Upon my return from Iceland, I deffinitely had a case of the holiday blues. The main word I can associate with the visit was magical. From start to finish, the trip was truley amazing and a life changing experience, far exceeding the expectations I held before I travelled.
Now that I am home and not as swept up in the magic, I wanted to explore more deeply where these emotions were stemming from. What made Iceland so magical?
Firstly, I beleive the weather made a significant difference on the appearence of the country, as well as the comfort of the travellers. Shortly before our visit, Iceland had experienced the heaviest snowfall they had had in decades (Metro, 2017). Luckily, the snow storms had settled by the time we arrived and flying over the beuatiful snowy, but sunny landscape gave us our first glimpse of what was to come. The snow deffinitely made the landscape feel more unique and the sun allowed us to see clearly the amazing views from the coach throughout the entire trip.
Secondly, the appearence of the Northern Lights played a significant factor in the experience of the trip. Everybody hopes to see the Norther Lights when visiting Iceland, but some many stories are heard of dissappointment, resulting in it being fairly difficult to get excited about seeing the during a short visit. We were extremely lucky in that not only did we see them on the first night on a tour, we saw them again on the second night, simply whilst strolling around the centre of Reykavik. This night was truly amazing and quite possibly one of the best nights of my life. That moment we looked up and saw the sky covered in dancing lights, of the rare purple shades, I felt overwhelmed with excitement, amazement and glee. I couldn’t beleive our luck!
From this point on, their appeared to be a hype amongst the group, everyone was talking about the lights; sharing pictures, sharing stories. Everyone appeared to be in a better mood and even more excited about what was to come.
Reflecting on this has encouraged me to quesion whether I would have been as positive about the trip if we hadn’t of been so lucky to see the lights and have the weather we had. An article by Bigne, Sanchez and Sanchez (2001) concludes that the more satisfied a tourist is with their experience, the higher their liklihood of reccomendation. I have to question this. As delighted as I was with my experience, the pesimist in me is aware that we were extremely lucky as to the conditions we had during the trip and I am doubtful that I would be as satisfied if we had visited a week later, so a reccomendation would be headed with this caution.
I also must question whether if I had higher expectations of Iceland, my opinions would have been different. I went with very low and confused expectations of the country. I believed it was likely to be cloudy, little snow and seeing the lights wasn’t a given. The country truley amazed me, but could this have been simply becuase I wasn’t expecting to be as impressed. This theory can be demonstrated in standard service quality models such as SERVQUAL (Parasuraman et al., 1988) which uses the gap between expectations and perceptions to measure service quality. This can arguably be related to this scenario and applied in just the same way.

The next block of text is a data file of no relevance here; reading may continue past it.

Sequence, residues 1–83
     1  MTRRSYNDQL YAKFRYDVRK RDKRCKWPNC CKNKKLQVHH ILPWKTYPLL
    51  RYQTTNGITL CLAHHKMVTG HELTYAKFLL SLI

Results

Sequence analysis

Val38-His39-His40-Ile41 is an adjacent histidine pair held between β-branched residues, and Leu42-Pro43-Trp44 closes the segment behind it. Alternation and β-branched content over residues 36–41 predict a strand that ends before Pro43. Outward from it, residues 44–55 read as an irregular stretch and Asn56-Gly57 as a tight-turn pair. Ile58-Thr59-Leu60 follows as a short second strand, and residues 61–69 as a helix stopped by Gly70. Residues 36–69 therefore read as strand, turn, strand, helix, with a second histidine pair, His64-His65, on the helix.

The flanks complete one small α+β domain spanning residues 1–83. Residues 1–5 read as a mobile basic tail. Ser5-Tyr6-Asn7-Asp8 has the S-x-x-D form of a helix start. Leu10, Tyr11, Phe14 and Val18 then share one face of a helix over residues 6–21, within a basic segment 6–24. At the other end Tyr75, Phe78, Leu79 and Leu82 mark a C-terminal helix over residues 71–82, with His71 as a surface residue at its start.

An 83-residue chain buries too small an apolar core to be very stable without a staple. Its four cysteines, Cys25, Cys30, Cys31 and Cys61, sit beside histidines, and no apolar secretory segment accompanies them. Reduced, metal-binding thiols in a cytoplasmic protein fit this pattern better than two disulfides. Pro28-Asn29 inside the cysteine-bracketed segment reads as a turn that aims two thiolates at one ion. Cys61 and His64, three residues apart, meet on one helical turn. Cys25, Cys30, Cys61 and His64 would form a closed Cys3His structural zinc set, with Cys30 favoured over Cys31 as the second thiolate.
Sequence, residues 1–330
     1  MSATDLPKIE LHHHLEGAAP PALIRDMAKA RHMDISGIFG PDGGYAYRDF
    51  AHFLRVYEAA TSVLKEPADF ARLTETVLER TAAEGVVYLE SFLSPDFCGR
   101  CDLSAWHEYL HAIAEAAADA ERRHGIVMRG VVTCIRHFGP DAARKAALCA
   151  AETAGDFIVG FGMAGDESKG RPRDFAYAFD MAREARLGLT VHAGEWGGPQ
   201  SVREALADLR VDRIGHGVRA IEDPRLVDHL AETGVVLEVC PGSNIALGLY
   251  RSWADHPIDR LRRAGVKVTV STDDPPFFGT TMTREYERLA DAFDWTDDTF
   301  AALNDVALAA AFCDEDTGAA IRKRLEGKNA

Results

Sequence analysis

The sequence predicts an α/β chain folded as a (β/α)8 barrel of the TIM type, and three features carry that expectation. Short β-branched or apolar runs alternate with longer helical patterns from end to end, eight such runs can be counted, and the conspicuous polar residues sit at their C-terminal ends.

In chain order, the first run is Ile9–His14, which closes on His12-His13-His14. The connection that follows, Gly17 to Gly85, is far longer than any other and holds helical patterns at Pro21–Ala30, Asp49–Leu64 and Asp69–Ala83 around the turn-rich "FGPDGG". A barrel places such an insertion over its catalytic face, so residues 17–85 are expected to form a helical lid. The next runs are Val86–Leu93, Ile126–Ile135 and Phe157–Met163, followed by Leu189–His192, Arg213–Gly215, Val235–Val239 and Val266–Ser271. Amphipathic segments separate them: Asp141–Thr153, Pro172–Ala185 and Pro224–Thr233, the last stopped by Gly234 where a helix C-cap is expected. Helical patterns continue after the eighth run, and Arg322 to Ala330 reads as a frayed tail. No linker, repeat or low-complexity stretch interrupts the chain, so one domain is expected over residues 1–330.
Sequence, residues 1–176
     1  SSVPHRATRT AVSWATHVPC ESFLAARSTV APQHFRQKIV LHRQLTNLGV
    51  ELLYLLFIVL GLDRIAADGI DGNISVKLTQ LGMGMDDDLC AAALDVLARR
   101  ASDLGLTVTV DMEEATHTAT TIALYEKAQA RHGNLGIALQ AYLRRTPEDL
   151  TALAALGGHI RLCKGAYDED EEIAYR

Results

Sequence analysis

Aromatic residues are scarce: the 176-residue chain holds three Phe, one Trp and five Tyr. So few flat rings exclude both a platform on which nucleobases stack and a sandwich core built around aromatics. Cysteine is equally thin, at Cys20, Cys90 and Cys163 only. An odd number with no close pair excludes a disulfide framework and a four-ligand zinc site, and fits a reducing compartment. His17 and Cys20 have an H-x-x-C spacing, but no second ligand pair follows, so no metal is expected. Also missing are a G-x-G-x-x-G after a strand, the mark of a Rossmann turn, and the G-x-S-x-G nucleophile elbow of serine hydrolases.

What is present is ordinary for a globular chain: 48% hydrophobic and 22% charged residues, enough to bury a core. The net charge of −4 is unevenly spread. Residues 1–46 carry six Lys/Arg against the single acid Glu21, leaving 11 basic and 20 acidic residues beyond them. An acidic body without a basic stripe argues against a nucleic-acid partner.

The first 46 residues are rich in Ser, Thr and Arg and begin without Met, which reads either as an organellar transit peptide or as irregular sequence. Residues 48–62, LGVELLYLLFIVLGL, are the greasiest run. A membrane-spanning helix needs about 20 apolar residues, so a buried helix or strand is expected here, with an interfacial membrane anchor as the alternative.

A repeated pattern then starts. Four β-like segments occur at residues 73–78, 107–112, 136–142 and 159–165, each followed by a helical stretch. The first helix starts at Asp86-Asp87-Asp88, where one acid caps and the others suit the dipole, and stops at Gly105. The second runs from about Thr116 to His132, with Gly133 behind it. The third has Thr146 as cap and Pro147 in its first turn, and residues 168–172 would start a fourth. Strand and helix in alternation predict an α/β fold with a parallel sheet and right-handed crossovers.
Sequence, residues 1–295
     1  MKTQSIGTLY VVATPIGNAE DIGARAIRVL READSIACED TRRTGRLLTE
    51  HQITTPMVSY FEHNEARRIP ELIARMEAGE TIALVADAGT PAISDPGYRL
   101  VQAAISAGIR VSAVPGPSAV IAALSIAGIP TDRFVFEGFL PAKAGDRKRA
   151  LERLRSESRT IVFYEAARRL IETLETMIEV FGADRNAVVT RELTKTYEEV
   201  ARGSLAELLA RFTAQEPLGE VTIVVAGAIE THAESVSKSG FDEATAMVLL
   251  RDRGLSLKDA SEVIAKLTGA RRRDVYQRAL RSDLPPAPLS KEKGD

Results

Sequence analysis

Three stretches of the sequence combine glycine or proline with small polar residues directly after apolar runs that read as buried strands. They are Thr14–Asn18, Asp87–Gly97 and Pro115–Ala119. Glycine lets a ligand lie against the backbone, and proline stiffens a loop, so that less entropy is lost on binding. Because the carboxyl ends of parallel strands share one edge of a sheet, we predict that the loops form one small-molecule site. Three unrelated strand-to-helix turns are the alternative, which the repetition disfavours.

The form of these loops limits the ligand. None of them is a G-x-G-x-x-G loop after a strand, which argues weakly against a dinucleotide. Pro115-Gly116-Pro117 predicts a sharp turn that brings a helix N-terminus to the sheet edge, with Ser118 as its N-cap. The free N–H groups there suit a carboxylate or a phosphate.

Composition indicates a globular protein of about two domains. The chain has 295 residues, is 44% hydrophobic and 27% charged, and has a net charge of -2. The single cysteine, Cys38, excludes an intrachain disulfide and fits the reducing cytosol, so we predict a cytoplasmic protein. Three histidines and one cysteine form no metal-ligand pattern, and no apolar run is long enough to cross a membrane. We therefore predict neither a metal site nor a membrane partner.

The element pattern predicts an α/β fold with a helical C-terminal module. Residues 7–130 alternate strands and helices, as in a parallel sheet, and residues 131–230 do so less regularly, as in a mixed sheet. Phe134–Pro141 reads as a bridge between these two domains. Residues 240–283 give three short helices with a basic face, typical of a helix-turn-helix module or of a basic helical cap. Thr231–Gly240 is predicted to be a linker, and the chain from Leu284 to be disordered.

This was evident from conversations with other tourists whilst on our travels. Towards the end of the trip, I spoke to a couple who had missed both appearences of the Aurora and they appeared underwhelemed with Iceland’s offerings at that point. They also found the snow to be a hindrence on their ability to walk in the countryside and this also dampened their mood. This just goes to show how the experience really can be affected by the expectations one forms before travelling.
Bigne, J., Sanchez, I. and Sanchez, J. (2001). ‘Tourism image, evaluation variables and after purchase behaviour: inter-relationship’. Tourism Management. Available at: http://www.sciencedirect.com/science/article/pii/S0261517701000358. Accessed 28th March 2017.
Metro. (2017). ‘Snow in Iceland makes us realise how bad we cope with weather’. Available at: http://metro.co.uk/2017/02/28/snow-in-iceland-makes-us-realise-how-bad-we-are-at-coping-with-the-weather-6478467/. Accessed 28th February 2017.
Parasuraman, A., Ziethaml, V. and Berry, L.L. ‘SERVQUAL: A Multiple- Item Scale for Measuring Consumer Perceptions of Service Quality’. Journal of Retailing. 62(1). pp 12-40. Available at: https://www.researchgate.net/publication/225083802_SERVQUAL_A_multiple-_Item_Scale_for_measuring_consumer_perceptions_of_service_quality. Accessed 28th March 2017.